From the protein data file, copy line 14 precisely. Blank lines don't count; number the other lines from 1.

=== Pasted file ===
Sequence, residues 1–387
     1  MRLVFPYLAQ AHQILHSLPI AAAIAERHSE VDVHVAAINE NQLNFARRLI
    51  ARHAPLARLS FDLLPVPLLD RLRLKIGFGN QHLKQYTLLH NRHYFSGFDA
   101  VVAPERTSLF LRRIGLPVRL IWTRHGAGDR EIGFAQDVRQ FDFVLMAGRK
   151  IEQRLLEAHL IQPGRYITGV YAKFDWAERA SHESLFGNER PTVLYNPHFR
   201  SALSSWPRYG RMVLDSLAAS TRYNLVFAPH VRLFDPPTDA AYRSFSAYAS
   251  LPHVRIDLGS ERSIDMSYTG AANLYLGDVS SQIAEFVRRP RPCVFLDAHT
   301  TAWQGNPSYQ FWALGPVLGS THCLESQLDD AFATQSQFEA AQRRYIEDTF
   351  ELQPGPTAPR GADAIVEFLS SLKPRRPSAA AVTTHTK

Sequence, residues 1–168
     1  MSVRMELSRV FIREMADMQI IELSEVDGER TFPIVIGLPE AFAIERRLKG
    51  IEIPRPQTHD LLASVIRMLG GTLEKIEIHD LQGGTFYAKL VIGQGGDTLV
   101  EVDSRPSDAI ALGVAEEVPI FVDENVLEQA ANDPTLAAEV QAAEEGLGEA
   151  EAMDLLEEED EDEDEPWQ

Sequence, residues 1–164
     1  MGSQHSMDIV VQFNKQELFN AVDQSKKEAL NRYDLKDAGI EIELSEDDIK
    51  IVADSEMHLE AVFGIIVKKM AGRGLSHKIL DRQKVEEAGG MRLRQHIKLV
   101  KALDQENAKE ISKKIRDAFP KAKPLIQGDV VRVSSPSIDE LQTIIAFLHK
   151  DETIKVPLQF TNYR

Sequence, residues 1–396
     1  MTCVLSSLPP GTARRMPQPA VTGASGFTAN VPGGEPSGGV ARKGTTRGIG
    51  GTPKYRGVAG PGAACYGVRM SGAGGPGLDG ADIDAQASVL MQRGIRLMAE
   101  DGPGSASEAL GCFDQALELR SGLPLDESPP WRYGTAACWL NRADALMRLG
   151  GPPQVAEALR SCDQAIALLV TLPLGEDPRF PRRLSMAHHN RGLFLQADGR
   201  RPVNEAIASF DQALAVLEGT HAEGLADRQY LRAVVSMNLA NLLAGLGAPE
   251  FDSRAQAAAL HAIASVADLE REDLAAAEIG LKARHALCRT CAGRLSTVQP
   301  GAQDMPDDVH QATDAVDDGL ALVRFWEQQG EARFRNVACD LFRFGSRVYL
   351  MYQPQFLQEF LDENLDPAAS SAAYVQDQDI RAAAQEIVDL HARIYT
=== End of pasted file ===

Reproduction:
   151  EAMDLLEEED EDEDEPWQ